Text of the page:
Learn about body language in communication strategy. Albert Mehrabian, renowned engineer and psychologist documented and developed in his doctorate research (in the early 1960s) a theory that in order to get the full meaning from a conversation one has to interpret body language. Body language accounts for approximately 55% of all communications exchanges. As a PM, I have never had or seen a choice for a communications class that deals uniquely with body language. Why so little on something so important? Learning of body language’s intricate details and nuances is often left to the individual to figure out or in most cases not. I contend that in order to be more effective, Project Managers should really open themselves up to this key aspect of communications.
Any project management professional who is studying or has studied for their PMP® exam or taken a communications class would recall that there are three components to a face to face conversation: the words (linguistics), the paralinguistic aspects (such as tone, volume, speed…) and the body or nonverbal language. Each of these was the subject of Albert Mehrabian’s study, his theory has been used and abused over the years. It still remains that body or nonverbal language plays a crucial role in our everyday conversations. Together all three items contribute to our understanding of the message provided to us by the originator or sender of that message. In a previous article, I covered the responsibilities of both sender and receiver in the communication process or as I see it this “dance” that is the exchange of information between individuals.
What I would like to discuss more is the fact that PMs don’t spend enough time paying attention to or learning how to recognize some of the key elements of body language. Without this ability, a PM is at a great disadvantage in the communications process.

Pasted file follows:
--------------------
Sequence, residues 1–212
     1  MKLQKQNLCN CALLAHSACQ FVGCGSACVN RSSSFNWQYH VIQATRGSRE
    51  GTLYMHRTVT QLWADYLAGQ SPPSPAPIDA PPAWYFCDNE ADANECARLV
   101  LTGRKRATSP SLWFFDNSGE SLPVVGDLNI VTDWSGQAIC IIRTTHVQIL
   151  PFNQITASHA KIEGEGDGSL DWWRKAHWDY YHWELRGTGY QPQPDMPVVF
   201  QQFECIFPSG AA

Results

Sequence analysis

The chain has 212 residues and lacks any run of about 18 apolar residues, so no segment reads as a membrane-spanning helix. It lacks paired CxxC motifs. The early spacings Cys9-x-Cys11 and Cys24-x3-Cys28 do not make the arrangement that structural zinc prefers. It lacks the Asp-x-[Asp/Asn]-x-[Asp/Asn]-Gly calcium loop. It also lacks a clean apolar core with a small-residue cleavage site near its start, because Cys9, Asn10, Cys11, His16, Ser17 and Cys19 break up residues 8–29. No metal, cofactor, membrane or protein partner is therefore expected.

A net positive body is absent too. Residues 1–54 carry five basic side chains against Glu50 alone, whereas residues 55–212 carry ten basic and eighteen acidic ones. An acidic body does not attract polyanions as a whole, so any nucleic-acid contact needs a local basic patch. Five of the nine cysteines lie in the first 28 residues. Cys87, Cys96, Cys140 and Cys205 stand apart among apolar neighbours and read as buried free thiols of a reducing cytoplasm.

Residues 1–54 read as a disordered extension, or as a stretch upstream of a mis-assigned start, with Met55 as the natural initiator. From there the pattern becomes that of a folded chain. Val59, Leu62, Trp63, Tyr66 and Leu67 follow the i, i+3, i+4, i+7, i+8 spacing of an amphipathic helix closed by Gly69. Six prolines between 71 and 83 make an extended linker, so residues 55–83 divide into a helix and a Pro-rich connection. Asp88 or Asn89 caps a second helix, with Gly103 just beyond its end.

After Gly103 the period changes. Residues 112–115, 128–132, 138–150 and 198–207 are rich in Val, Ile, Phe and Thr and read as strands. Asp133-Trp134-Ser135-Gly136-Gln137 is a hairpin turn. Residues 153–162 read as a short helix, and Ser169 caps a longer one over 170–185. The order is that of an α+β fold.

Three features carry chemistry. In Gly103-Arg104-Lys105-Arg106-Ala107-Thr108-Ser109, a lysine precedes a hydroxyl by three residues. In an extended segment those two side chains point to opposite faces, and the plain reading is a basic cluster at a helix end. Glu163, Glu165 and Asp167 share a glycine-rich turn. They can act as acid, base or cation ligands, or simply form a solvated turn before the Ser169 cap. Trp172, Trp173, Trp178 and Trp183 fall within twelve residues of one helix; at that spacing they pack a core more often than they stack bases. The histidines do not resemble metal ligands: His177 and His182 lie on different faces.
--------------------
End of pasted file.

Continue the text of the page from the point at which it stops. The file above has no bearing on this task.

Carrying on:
This is not a perfect science and variations will exist from individual to individual, but a bit of knowledge of the common behaviors in this area can be easy to obtain and invaluable in our everyday interactions with our stakeholders.
So where does one start?
First and foremost, learning and appreciating body language starts with the observation of human behavior around you. Just sitting in a meeting and paying close attention to people’s interactions, the position of the body, movement of arms, expressions on faces, and use of space. These are all basic areas in which body language tells you tons about an individual.
To practice this, I will often sit at my favorite Starbucks location, and people watch. You can tell a lot from a frown, a glance or a sigh. Get used to picking up the body language signs in order to know when to approach people. I do this too. I will do a first run over to a Sponsor’s office, look at how he or she is behaving and decide if it is or not the time to discuss certain topics.
The second great source of information on this is via “YouTube” or readily available literature. There is a lot of material on this topic, and you need to know your sources well in order for them to be trusted. Be a bit wary of “dating” advice surrounding body language. You need to keep to advice that is connected to professional or work behavior patterns. People that I trust in this area are Allan Pease, Joe Navarro (ex-FBI profiler) and Mark Bowden (for those Canadian in the audience). You do have to watch Allan Pease in one of his videos discussing handshakes, it is a must. Body language has even made it in some of our favorite televisions shows (Lie to me, CSI, FBI…) because of the importance it has in making us get to the true meaning of a conversation faster or sometimes at all.
So, for those new PMs or not so new ones that want to work at acquiring a new skill and get a bit of an edge in communication, I would suggest that you brush up or start reading and learning more about the body or nonverbal language. As I said before, it is not a perfect science, and there are often more factors at play than one can figure out, but it is an area of expertise that very few people intentionally pursue.
Being good at this will give you a skill that you can transfer to every area of your life.
Sylvie Edwards, PMP, MCPM, STDC, CMP, FPMAC has 25 years of project management experience spanning various industries and is the owner of SRE Solutions, catering to clients in need of project management course development, education, project risk management, PMO setup/evaluation or recovery services. She has worked with one of the top five consulting firm, where she led projects in the information technology, banking, government, and securities sectors as well as being a manager in the risk management practice. Sylvie writes about risk management, communication, and PMO.